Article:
Smack! Bam! Kids craft video games
Antonio Trujillo has made one video game with a friend and is working on another, which he plans to finish by the end of 2007.
He's in ninth grade.
"I like being able to control things and get them to do fun things or just something," he says of his interest in making video games. "It's fun."
Trujillo is a student at Desert Academy in Santa Fe, a private school that plans this fall to launch a four-year computer science program that will tie into video game development.
"The whole point of this is to allow high school graduates from Desert Academy to graduate . . . with career skills which they can either use directly in getting employment or they can use it to get advanced placement at a college or university," says Greg Malone, director of technology at the school. "If you look at what's going on in the country, both higher education and some high schools are beginning to teach computer game development as a form of computer science. That's pretty much what I'm establishing here."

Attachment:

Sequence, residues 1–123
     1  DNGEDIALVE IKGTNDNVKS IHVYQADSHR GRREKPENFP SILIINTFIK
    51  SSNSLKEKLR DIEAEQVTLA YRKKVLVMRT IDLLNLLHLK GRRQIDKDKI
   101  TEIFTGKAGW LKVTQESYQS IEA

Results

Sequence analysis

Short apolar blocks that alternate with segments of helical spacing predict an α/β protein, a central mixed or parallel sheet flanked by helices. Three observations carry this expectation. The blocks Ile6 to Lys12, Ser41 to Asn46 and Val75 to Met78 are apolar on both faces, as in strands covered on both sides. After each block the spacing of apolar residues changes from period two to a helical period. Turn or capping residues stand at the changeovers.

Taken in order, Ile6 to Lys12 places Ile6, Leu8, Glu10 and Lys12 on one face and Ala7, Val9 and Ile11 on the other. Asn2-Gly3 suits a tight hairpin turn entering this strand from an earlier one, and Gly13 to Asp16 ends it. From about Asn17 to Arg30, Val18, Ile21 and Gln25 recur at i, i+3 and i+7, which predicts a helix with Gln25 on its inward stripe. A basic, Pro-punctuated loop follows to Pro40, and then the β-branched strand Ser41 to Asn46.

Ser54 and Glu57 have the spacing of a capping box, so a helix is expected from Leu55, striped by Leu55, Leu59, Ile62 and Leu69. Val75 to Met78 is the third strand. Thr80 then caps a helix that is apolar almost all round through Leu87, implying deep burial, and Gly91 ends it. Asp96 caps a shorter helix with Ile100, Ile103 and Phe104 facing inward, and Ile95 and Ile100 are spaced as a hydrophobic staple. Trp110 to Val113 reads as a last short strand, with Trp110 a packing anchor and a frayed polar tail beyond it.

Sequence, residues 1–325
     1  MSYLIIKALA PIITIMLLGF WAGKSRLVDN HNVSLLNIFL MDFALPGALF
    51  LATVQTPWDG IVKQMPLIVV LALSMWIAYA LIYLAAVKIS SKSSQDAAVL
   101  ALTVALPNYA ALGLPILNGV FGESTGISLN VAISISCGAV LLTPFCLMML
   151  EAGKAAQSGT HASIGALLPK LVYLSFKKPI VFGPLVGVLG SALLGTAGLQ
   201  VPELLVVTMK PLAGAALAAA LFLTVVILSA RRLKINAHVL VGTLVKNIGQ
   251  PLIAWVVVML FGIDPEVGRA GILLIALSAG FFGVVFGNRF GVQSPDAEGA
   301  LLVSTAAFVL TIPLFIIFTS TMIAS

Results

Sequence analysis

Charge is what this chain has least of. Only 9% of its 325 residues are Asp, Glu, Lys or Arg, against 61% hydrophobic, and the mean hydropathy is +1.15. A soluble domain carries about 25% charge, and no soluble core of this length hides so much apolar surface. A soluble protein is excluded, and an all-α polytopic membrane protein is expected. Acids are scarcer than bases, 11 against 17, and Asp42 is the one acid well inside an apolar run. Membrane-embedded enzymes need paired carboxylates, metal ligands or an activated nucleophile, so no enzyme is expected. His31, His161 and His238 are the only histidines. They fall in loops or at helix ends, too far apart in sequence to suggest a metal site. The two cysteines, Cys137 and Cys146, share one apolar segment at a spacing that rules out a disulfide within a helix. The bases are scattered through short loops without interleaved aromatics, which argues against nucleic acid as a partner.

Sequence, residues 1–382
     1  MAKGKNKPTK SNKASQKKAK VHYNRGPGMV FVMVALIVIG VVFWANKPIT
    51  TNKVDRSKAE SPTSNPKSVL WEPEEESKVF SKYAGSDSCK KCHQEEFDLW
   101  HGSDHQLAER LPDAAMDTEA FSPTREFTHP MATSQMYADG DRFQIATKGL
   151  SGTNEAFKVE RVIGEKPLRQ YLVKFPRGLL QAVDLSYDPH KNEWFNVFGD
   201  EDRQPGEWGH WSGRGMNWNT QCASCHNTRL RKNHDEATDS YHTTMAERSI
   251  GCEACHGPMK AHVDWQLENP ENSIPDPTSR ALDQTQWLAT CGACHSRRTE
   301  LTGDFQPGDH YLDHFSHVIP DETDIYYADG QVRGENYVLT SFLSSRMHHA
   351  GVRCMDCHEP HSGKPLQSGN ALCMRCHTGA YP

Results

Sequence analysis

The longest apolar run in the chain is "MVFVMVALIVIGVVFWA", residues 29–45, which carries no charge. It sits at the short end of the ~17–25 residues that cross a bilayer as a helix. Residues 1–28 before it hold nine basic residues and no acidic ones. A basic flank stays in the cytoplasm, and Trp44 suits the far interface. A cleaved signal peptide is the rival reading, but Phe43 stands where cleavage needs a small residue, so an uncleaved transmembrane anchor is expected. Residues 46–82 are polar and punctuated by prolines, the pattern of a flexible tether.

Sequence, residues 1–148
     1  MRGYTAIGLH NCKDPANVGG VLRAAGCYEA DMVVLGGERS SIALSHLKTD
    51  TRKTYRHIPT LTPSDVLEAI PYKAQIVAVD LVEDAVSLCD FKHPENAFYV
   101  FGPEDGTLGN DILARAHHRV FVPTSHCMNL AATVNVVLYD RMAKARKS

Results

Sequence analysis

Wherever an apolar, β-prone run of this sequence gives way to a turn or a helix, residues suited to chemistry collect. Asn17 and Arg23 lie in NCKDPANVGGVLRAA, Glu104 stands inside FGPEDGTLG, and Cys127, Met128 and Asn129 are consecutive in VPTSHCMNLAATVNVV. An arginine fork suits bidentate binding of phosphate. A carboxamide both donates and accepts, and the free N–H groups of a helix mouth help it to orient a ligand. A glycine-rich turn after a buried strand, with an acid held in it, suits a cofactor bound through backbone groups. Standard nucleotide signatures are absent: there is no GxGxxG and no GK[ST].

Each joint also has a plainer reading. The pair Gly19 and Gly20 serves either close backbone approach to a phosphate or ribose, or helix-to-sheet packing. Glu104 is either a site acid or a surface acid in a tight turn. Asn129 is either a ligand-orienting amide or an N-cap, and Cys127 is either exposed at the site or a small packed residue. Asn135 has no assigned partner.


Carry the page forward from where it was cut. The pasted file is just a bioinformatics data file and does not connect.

Trujillo says he'll enroll in Desert Academy's computer science program. A career in video game development is possible.
"Mostly I would like to work on the actual movement and getting things to walk around, like character graphics," he says.
But it's not easy work.
"There's all these little parts you have to move, and get them to move right, and have the correct timing and the correct amount of movement for it to look good," he says. "It's a little complex, but it's fun."